Dhritarashtra said, Kicked at the head, his thighs broken, prostrated on the ground, exceedingly proud, what, O Sanjaya, did my son then say? King Duryodhana was exceedingly wrathful and his hostility to the sons of Pandu was deep-rooted. When therefore this great calamity overtook him, what did he next say on the field'
Sanjaya said, Listen to me, O monarch, as I describe to thee what happened. Listen, O king, to what Duryodhana said when overtaken by calamity. With his thighs broken, the king, O monarch, covered with dust, gathered his flowing locks, casting his eyes on all sides. Having with difficulty gathered his locks, he began to sigh like a snake. Filled with rage and with tears flowing fast from his eyes, he looked at me. He struck his arms against the Earth for a while like an infuriated elephant. Shaking his loose locks, and gnashing his teeth, he began to censure the eldest son of Pandu. Breathing heavily, he then addressed me, saying, Alas, I who had Santanu's son Bhishma for my protector, and Karna, that foremost of all wielders of weapons and Gotama's son, Shakuni, and Drona, that first of all wielders of arms, and Ashvatthama, and the heroic Shalya, and Kritavarma, alas, even I have come to this plight! It seems that Time is irresistible! I was the lord of eleven Chamus of troops and yet I have come to this plight!
O mighty-armed one, no one can rise superior to Time! Those of my side that have escaped with life from this battle should be informed, how I have been struck down by Bhimasena in contravention of the rules of fair fight! Many have been the very unfair and sinful acts that have been perpetrated towards Bhurishrava, and Bhishma, and Drona of great prosperity! This is another very infamous act that the cruel Pandavas have perpetrated, for which, I am certain, they will incur the condemnation of all righteous men! What pleasure can a righteously disposed person enjoy at having gained a victory by unfair acts? What wise man, again, is there that would accord his approbation to a person contravening the rules of fairness? What learned man is there that would rejoice after having won victory by unrighteousness as that sinful wretch, Vrikodara the son of Pandu, rejoices? What can be more amazing than this, that Bhimasena in wrath should with his foot touch the head of one like me while lying with my thighs broken? Is that person, O Sanjaya, worthy of honour who behaveth thus towards a man possessed of glory endued with prosperity, living in the midst of friends? My parents are not ignorant of the duties of battle.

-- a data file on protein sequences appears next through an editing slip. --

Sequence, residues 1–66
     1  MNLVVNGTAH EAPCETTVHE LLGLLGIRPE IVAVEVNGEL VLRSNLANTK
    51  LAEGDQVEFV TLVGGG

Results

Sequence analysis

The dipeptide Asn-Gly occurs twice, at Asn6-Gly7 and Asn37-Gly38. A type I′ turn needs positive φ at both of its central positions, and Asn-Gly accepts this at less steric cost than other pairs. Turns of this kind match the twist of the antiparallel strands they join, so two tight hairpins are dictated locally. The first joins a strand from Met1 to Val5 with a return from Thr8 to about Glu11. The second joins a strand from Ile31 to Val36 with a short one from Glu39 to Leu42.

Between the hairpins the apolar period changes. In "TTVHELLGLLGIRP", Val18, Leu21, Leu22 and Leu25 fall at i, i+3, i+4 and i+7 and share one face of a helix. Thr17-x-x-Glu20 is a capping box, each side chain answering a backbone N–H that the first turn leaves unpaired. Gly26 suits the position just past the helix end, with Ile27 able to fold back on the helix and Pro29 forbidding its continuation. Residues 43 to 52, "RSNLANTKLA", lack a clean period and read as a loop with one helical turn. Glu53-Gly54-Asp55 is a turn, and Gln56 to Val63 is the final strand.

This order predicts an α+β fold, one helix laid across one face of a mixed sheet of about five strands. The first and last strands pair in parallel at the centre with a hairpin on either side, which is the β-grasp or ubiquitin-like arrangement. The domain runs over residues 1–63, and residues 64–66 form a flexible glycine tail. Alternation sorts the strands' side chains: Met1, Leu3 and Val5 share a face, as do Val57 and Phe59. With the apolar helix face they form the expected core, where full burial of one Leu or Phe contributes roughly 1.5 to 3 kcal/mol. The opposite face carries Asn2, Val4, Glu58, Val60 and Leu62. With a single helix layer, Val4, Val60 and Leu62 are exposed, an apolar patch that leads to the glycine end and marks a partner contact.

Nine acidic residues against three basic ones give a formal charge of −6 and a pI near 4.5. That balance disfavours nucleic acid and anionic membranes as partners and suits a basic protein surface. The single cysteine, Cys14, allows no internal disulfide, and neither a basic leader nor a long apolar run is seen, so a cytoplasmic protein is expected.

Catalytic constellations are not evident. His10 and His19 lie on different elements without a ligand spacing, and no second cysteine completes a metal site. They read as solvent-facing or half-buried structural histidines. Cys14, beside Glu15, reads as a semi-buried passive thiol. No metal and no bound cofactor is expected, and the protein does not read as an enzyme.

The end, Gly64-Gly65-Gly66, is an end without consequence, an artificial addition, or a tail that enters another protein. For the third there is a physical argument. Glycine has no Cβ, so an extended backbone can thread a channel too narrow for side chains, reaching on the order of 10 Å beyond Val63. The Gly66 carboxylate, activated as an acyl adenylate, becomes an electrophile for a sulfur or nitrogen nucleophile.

Instructed by me, O Sanjaya, tell them that are afflicted with grief these words: I have performed sacrifices, supported a large number of servants properly, governed the whole earth with her seas! I stayed on the heads of my living foes! I gave wealth to my kinsmen to the extent of my abilities, and I did what was agreeable to friends. I withstood all my foes. Who is there that is more fortunate than myself? I have made progresses through hostile kingdoms and commanded kings as slaves. I have acted handsomely towards all I loved and liked. Who is there more fortunate than myself? I honoured all my kinsmen and attended to the welfare of all my dependants. I have attended to the three ends of human existence, Religion, Profit, and Pleasure!